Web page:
On Lacking Backwards Compatibility


So, the Xbox One and Playstation 4 are finally out, predictably average and lackluster launch line-ups eagerly falling into the hands of early buyers all too eager to ignore the obvious glimmers therein.  Both of these consoles are lacking backwards compatibility, and many early adopters have chosen to rationalize how they don’t miss it at all.  Well, I’m going to beat a dead horse here, and whump it good, because—quite frankly—these consoles lacking this feature is actually borderline inexcusable in this day and age.



I wasn't backwards compatible, but sucked in a lot of other ways, too.



Why Would It Be Inexcusable?

This is remarkably simple.  Everything else is—it’s the modern norm.


Therefore, it’s practically absurd that the “ultra powerful” Playstation 4 and Xbox One are not.


I should be able to just stop here.  That is the whole argument, and that alone may carry all of its own weight.  But I’m sure a few of you would like examples.  Here is a list of backwards-compatible modern devices:  Apple iPhone and iPad (for the most part), Apple OSX computers, Android phones and tablets, Windows PCs, the Linux OS, Steam, the Playstation Vita, the Nintendo 3DS, and the Wii U.  Essentially, everything is backwards compatible now except for the PS4, XBO, and for some reason, Windows 8 Phones (yet another reason I dumped the Windows Phone brand for Android).


When I buy a new PC, I still expect my old Steam games to work, and they do.  When I get a new Android phone, I am able to move my paid apps and such over to the new one.  When I bought the 3DS, I no longer had any reason to continue to carry around my DS Lite because I easily had everything in one place.  As a side effect, when the first-year-drought hit the 3DS, I hardly noticed as I was still playing catch-up on a boatload of DS games, and the sudden addition of an boatload of DSi titles I never had access to a I never owned the DSi.


Essentially, as noted, this is a norm these days.  At one time, the norm was that game consoles were NOT backwards compatible.  Hell, one of the first successor consoles was criticized for this very reason—the Atari 5200 was not only notoriously terrible, but it was also incompatible with the library of the extremely popular Atari 2600.  But it was the norm until the 7800 quietly slipped into the public, and was could play 2600 games.  But really, almost nothing else was until the Game Boy Color and Playstation 2.  And the GBC was not a major update, just identical hardware that could now handle a color screen.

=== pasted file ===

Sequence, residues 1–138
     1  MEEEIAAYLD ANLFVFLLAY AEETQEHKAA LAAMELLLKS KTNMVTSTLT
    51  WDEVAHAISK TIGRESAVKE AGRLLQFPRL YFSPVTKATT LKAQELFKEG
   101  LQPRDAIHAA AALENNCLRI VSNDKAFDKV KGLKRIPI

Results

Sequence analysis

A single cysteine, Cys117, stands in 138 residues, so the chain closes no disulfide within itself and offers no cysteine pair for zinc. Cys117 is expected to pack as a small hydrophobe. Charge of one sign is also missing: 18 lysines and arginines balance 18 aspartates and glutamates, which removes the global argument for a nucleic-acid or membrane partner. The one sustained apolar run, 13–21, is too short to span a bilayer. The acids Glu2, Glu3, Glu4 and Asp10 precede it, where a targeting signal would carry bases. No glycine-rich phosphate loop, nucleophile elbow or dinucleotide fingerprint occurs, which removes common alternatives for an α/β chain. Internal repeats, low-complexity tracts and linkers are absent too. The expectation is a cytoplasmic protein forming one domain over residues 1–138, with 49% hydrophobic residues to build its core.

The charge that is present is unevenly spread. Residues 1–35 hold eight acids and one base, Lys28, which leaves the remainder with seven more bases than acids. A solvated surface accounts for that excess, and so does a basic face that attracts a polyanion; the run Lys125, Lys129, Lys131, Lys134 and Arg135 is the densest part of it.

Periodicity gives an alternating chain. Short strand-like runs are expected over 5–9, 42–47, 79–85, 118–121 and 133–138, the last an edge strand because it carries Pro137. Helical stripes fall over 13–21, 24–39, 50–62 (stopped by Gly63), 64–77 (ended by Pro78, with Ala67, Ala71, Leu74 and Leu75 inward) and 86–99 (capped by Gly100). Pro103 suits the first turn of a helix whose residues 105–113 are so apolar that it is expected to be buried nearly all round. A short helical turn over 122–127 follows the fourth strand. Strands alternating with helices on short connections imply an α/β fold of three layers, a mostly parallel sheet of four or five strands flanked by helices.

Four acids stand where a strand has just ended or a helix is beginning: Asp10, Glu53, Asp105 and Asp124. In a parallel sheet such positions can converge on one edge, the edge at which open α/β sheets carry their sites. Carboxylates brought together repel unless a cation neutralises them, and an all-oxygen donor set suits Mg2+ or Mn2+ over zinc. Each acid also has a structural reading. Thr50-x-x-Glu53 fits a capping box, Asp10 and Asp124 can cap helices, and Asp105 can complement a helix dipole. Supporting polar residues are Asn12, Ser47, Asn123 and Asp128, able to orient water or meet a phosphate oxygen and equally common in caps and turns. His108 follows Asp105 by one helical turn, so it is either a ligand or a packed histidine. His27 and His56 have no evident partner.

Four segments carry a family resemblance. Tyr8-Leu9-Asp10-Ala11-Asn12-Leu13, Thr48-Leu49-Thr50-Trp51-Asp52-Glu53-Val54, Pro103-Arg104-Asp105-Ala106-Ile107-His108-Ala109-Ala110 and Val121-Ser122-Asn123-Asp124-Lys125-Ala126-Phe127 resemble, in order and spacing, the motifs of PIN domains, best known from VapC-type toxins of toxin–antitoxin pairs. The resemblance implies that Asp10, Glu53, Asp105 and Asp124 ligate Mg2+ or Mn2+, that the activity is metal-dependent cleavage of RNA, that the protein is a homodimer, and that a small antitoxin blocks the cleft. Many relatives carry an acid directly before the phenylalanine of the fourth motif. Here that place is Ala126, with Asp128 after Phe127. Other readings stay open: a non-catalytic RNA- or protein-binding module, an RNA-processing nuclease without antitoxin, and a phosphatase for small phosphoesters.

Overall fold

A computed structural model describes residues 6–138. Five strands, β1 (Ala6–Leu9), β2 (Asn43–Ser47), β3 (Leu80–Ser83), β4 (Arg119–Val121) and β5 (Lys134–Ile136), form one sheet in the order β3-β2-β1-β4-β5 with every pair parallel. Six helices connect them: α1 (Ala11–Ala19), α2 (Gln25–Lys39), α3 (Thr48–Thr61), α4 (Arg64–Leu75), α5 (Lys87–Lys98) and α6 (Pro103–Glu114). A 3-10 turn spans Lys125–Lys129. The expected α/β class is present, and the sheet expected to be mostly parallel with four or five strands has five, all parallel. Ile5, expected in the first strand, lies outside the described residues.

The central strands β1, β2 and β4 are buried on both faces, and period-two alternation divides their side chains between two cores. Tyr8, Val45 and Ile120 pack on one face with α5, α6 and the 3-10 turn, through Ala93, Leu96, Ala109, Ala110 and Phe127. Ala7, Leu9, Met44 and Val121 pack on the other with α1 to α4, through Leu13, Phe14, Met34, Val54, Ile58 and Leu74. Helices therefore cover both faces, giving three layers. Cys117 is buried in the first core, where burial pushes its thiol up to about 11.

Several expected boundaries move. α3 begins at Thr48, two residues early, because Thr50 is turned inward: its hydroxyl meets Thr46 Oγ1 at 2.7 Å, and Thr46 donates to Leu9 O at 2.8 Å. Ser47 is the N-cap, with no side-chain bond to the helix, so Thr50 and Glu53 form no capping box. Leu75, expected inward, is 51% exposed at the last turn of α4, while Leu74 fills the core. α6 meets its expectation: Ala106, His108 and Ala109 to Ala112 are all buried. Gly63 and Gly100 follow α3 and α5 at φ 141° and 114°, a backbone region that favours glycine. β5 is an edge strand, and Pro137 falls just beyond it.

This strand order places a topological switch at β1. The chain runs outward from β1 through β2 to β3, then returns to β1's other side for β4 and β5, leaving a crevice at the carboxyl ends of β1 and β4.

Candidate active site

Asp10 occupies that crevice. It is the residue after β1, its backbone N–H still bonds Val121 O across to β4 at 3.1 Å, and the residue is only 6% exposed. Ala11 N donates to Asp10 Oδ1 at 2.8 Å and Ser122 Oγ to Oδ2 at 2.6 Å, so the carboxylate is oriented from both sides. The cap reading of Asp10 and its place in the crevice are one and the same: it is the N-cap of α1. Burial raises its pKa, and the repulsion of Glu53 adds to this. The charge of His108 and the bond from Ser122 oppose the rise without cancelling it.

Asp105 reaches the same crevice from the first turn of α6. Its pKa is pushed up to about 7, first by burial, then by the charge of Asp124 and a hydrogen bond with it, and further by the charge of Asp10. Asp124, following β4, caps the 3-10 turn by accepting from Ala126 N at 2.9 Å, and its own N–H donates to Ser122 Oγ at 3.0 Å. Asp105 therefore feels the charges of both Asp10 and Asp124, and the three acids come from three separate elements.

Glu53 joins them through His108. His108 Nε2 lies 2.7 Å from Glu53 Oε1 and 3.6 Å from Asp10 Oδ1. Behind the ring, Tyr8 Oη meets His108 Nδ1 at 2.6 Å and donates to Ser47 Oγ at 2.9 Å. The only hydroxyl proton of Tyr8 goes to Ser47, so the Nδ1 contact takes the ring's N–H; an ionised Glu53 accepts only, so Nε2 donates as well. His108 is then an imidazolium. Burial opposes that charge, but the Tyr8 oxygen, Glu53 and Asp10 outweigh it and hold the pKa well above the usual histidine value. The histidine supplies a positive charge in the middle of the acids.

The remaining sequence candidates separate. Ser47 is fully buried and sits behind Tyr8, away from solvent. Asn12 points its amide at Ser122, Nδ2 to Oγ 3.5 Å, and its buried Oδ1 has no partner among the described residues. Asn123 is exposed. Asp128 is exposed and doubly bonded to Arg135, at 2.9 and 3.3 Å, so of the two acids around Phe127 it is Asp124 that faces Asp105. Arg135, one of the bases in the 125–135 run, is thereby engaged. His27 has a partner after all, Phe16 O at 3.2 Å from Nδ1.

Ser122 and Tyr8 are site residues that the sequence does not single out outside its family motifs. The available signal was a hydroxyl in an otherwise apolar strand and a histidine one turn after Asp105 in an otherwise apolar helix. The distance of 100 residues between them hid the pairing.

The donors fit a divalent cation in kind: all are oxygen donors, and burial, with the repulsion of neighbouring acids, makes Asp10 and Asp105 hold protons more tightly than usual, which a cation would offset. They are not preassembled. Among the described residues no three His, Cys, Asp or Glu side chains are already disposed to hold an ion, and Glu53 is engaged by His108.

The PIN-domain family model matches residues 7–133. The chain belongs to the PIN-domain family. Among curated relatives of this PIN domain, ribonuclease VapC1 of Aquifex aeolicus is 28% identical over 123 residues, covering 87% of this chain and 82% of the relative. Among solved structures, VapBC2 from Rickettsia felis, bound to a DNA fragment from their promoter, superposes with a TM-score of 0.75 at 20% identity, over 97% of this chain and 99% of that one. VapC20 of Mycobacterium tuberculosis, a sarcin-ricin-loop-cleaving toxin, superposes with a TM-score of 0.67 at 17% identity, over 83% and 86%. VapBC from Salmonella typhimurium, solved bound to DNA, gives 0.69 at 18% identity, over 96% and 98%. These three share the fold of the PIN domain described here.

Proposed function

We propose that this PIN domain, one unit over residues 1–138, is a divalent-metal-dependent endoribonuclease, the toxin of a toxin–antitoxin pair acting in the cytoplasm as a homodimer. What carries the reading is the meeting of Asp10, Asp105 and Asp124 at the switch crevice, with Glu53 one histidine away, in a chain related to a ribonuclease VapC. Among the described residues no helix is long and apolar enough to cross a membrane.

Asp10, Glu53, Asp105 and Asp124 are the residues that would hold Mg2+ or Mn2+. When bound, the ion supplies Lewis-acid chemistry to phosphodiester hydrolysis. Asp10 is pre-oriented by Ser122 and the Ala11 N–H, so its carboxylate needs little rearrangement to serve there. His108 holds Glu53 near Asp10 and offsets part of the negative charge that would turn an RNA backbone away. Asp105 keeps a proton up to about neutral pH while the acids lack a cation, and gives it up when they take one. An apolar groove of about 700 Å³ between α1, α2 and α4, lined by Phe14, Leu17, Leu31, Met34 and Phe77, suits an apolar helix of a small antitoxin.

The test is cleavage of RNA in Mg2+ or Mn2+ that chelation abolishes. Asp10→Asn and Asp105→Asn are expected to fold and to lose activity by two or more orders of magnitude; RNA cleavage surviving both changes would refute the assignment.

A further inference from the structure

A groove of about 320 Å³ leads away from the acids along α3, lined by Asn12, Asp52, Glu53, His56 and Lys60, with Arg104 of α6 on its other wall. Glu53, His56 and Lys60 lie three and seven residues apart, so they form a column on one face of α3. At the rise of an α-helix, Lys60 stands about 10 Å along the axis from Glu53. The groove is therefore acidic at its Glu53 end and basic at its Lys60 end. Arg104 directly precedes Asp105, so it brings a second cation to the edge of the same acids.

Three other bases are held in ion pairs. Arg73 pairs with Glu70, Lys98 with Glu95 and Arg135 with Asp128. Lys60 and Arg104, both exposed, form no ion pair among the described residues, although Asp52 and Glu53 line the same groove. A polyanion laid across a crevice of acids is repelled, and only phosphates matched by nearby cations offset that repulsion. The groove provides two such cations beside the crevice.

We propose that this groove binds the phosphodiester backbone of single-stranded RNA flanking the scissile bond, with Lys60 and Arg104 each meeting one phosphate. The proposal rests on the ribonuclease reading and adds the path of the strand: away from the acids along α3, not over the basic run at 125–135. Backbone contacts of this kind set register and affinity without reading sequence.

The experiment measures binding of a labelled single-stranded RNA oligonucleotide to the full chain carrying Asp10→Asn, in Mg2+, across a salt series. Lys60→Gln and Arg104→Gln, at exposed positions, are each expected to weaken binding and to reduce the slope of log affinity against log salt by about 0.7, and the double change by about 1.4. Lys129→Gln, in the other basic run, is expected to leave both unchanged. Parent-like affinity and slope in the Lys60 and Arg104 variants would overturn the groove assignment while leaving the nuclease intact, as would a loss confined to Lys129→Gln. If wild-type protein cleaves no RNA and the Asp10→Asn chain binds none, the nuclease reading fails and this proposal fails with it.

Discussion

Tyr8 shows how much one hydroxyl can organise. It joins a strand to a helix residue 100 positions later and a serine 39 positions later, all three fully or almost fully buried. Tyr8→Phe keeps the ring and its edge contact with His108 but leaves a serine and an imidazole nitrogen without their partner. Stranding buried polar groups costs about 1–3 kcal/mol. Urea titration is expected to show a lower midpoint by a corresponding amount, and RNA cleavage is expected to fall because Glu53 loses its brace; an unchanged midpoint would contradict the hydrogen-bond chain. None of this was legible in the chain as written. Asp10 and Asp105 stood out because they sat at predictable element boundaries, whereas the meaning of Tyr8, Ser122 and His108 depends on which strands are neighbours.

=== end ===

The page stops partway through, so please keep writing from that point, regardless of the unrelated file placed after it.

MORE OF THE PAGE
This is my second time using this image.


The Excuses

Now, why would I bother with this?  A lot of people are perfectly happy to make excuses that they don’t mind the lack of backwards compatibility.  Essentially, I don’t want us kidding ourselves.  Microsoft and Sony left out a feature that should never have been left out. Personally, I’d like people to just stop acting like it was impossible.  Let’s look at some excuses.


“I’m not going to play the old stuff anymore anyway.” 


There is no reason to state this.  The X360 and PS3 still have a boatload of games coming down the pipeline.  You are either going to miss them entirely, or you’re going to be jumping back and forth between consoles.  It’s far more likely that there will be games you don’t want to miss and now you very well might.


“It’s too difficult.”


I sincerely doubt this.  On the one hand, we know that these two consoles aren’t being sold for the massive losses that the previous gen machines were.  In that case, MS and Sony deliberately gimped their machines to save money, and in that they “cheated” you out of truly powerful hardware, hardware now powerful enough to even handle playing vastly weaker last-gen games.  On the other hand, especially on the Microsoft side, the XBO and X360 are hardly dissimilar in their architecture.  The XBO and PS4 are largely just modern PC’s dedicated for gaming.  Given that emulators for the Xbox 360 require less hardware or processing than what the XBO can do, clearly, difficulty or hardware limitations are a bad excuse—especially if the XBO can draw on extra power from its amorphous, hardly defined cloud.


To that end, the X360 Emulator project is actually not official, and they’re still able to make it. Imagine, with an official team making such a thing for the Xbox One, this shouldn’t be a major problem, and indeed, the XBO and PS4 are not major leaps—equivalent PC’s are apparently not that hard to build, and are plenty powerful enough to play X360/PS3 emulators.


“I just have the old console next to the new one.”


This sounds easier than it is.  I’m a collector, and I have quite a few consoles around my TV and wired through splitters and a receiver I badly want to replace.  It sounds relatively easy to get up, click a switch, and then find the correct input on my receiver to switch consoles.  In reality, this can actually be highly annoying.  There’s a reason my Wii has been taken down and my Xbox 360 is never on any more.  Due to the backwards compatibility of the Wii U, the Wii is no longer necessary aside from a collector’s piece, so I took it down.  The Xbox 360 is just unnecessary now that I do most of my gaming on the Wii U and all of my Netflix and Hulu watching on that machine because I don’t have to pay extra for it.